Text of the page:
Court upholds Minnesota’s ‘Clean Car Rule’ tied to California – 104.5 WOKV

ST. PAUL, Minn. — (AP) — The Minnesota Court of Appeals Monday upheld the state’s “Clean Car Rule,” which ties the state’s vehicle emission standards to California regulations, as judges upheld assurances that California’s planned phase-out of gas-powered cars won. It does not apply automatically in Minnesota.

A three-judge panel rejected the arguments of the Minnesota auto dealers, who argued that state pollution regulators exceeded their authority and unconstitutionally delegated their regulatory authority to California.

The appeals court concluded that the Minnesota Pollution Control Agency acted within its legal authority and therefore the state’s rule is valid. The decision was a victory for the administration of Democratic Gov. Tim Walz, which adopted the rule in 2021 amid a fight with Republican lawmakers who were upset that the Legislature was left out of the decision. It takes effect in the 2025 model year and aims to increase the supply and selection of electric vehicles.

The Minnesota Automobile Dealers Association expressed disappointment with the ruling and said it would consider appealing. While manufacturers are ramping up production, the group contends the rule could still saddle dealerships with more EVs than consumers want to buy.

“The only good thing to come out of today’s decision is that if Minnesota wants to move forward with the new rule recently adopted by California, the MPCA will need to affirmatively re-rule,” Scott Lambert, president of the dealership association, said in a statement. email.

According to the California Air Resources Board, 17 states have chosen to tie their emission standards to California’s, which are more stringent than federal regulations. Under the federal Clean Air Act, states generally must follow California standards or comply with federal standards. The problem was further exacerbated after California last August went even further, placing itself on the strictest path in the nation to require all new vehicles to be electric or hydrogen-powered by 2035.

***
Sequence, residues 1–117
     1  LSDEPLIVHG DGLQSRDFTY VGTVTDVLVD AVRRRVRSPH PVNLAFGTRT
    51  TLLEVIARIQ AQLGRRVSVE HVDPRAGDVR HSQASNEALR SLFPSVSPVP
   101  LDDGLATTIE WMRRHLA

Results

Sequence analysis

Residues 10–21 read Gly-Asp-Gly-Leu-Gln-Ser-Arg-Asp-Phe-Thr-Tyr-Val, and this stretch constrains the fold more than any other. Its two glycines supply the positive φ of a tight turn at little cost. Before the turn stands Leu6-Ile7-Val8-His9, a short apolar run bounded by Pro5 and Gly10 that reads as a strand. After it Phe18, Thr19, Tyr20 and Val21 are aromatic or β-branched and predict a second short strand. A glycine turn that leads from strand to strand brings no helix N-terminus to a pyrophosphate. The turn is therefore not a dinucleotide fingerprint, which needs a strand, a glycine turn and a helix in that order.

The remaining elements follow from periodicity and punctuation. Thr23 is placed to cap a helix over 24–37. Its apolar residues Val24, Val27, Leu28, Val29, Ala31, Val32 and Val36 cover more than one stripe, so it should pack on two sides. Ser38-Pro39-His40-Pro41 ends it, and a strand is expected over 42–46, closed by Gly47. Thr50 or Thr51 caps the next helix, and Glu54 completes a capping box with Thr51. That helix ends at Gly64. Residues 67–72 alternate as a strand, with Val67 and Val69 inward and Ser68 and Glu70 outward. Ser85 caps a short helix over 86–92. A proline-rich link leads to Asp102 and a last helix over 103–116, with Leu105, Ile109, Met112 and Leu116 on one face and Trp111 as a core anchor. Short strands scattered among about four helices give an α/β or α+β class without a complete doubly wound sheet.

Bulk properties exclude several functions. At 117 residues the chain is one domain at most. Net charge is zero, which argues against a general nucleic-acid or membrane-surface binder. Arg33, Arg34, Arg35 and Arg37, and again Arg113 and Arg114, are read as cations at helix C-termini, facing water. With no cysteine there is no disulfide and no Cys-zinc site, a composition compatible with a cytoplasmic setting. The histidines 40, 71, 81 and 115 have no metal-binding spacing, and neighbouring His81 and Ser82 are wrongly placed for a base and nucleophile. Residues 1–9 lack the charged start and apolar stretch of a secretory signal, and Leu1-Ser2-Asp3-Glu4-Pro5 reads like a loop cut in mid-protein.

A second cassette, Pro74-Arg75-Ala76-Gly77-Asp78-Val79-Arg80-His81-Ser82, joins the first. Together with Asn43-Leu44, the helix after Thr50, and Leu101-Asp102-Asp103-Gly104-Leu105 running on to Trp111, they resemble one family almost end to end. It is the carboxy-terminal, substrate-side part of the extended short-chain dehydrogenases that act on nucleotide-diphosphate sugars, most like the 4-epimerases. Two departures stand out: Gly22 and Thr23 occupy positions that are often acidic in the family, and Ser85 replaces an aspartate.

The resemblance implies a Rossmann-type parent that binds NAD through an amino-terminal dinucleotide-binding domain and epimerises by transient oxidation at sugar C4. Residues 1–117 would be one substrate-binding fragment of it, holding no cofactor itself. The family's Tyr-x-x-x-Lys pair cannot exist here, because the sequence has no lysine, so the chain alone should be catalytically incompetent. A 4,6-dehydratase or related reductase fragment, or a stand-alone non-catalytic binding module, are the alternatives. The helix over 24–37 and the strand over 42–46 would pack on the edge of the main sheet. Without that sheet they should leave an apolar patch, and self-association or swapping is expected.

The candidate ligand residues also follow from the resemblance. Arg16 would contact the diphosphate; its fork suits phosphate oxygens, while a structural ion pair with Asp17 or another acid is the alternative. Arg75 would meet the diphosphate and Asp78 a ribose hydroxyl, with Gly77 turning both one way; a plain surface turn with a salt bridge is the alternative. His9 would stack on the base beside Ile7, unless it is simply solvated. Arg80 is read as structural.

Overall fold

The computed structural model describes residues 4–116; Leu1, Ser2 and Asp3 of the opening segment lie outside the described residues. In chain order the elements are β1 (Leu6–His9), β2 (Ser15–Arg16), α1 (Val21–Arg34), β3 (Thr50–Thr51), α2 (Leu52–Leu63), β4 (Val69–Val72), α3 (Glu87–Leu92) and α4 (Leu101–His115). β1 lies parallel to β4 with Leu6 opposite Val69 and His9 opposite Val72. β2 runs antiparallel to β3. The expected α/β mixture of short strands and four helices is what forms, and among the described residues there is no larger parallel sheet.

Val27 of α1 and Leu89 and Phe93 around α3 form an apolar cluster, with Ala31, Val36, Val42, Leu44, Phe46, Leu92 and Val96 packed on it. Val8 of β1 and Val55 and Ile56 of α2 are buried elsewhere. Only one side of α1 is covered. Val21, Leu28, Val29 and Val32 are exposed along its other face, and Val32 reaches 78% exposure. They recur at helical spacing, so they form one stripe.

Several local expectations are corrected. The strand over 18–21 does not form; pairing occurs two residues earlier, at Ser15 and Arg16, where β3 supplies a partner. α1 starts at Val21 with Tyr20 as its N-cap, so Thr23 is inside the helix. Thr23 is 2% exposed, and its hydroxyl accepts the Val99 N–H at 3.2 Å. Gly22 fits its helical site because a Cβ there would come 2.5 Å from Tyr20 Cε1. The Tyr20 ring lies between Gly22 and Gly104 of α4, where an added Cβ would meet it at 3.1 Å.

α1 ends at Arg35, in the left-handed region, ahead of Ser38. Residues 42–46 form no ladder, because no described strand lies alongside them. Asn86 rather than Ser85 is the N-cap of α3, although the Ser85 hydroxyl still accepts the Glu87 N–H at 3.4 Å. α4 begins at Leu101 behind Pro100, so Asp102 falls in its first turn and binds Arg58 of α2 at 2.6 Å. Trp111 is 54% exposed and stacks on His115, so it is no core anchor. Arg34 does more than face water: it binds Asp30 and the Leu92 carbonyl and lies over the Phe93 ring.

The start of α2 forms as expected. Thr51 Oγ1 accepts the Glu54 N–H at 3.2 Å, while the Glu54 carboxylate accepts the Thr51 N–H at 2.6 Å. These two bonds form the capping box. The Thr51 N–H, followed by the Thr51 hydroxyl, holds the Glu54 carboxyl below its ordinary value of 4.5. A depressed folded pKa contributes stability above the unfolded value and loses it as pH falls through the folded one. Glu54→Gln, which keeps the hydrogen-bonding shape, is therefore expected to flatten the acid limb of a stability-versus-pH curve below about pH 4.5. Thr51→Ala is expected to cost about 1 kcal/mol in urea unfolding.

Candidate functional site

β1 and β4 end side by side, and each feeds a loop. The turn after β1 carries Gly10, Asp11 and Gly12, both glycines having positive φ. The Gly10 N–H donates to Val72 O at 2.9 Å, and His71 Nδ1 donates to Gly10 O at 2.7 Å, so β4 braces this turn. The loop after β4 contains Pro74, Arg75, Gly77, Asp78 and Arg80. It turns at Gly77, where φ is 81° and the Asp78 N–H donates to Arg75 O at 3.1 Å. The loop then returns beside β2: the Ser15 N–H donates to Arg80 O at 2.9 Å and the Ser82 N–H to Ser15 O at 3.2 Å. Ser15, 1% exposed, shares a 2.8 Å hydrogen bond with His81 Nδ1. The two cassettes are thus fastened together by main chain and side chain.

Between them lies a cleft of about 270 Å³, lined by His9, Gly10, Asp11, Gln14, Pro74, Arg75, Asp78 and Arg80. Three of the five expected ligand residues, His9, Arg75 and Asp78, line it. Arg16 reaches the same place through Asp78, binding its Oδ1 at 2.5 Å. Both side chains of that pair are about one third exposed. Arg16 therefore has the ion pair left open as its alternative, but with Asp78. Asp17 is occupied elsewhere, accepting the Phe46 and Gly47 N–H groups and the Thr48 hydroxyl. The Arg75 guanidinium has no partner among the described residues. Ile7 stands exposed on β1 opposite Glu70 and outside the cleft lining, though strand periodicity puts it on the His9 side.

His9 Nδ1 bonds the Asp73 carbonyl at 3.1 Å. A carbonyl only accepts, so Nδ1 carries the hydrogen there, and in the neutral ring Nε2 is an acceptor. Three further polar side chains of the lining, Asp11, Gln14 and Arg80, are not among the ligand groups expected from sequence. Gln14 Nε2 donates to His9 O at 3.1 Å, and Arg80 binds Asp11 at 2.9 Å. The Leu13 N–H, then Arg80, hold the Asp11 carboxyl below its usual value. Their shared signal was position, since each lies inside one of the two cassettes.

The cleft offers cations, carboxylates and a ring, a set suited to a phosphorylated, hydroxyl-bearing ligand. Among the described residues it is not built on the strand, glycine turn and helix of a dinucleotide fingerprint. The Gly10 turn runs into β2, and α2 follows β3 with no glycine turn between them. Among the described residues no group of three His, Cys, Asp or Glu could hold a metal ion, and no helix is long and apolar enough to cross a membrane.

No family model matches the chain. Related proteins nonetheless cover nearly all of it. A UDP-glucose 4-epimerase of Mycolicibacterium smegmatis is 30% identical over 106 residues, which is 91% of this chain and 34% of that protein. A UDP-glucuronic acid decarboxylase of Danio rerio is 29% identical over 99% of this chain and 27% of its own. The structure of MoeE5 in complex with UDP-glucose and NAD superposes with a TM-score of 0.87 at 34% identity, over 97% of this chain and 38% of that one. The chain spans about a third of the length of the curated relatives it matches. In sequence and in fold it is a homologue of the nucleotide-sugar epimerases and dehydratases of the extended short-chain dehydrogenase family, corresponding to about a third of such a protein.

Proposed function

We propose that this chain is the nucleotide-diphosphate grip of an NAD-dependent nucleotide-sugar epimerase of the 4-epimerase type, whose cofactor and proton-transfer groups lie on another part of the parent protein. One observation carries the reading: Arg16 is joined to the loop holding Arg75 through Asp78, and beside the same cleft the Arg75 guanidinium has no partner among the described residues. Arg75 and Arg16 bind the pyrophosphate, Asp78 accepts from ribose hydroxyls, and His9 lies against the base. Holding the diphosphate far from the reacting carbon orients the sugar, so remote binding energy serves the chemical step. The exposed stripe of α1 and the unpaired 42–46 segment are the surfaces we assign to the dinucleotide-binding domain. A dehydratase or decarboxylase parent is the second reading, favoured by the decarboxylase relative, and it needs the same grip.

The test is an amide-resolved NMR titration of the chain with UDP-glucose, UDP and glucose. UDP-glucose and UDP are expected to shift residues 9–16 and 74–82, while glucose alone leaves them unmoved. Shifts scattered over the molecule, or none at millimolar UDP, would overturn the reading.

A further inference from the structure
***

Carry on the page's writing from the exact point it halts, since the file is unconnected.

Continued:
That decision is forcing other states to decide if they now want to follow California down that path. Vermont, New York, Oregon, Washington, Massachusetts, and Delaware have already adopted similar new rules, started making rules, or have shown interest in doing so. Colorado has decided not to follow California’s ban, but has pledged to continue to grow its EV market and increase consumer access to more models.

The Minnesota Court of Appeals accepted the MPCA’s arguments that the state would have to start an entirely new rulemaking process to adopt California’s ban on new gasoline-powered vehicles. Agency officials said in court filings, legislative hearings and at a news conference with the governor last year that they had no immediate plans to do so, but they weren’t ruling it out either.

The agency welcomed the decision, saying the Clean Car Rule will give drivers more options to buy electric and hybrid vehicles that help them save money on gas while tackling climate change.

“This standard is an important part of reducing greenhouse gas emissions in Minnesota as the state also builds out the electric vehicle charging network, promotes alternative modes of transportation, and works to create cleaner fuels that support the Minnesota’s economy,” said Andrea Cournoyer, a spokeswoman for the MPCA. .

A coalition of environmental groups that filed a friend of the court brief in the lawsuit said the sharp rise in EV registrations shows the need for the rule to ensure consumers get a full range of model choices amidst the volatility of gasoline prices.

“The Minnesota Clean Cars rule was adopted after a lengthy public engagement process, during which many Minnesotans made it clear that they would like more opportunities to purchase electric vehicles,” Joy Anderson, attorney for the Minnesota Minnesota, said in a statement. Minnesota Environmental Defense Center.

But Lambert said California’s rules never meshed well with Minnesota’s.

“This supply mandate run by California bureaucrats fails to address the major obstacles in the way of consumers using electric vehicles,” he said. “The state should institute an aggressive infrastructure construction policy and create incentives for consumers to buy this new technology.”

Upholding the Clean Car Rule was part of a broader framework to fight climate change that Walz put in place in September, and the governor affirmed his commitment in an interview earlier this month. Meanwhile, the Democrats who now control both houses of the Minnesota Legislature have made fighting climate change one of their top priorities for the current session. Earlier this month, the House passed a fast-track bill to put Minnesota on the path to 100% carbon-free electricity by 2040, and it is now awaiting a vote in the Senate.


Associated Press writer Lisa Rathke contributed to this report from Marshfield, Vermont.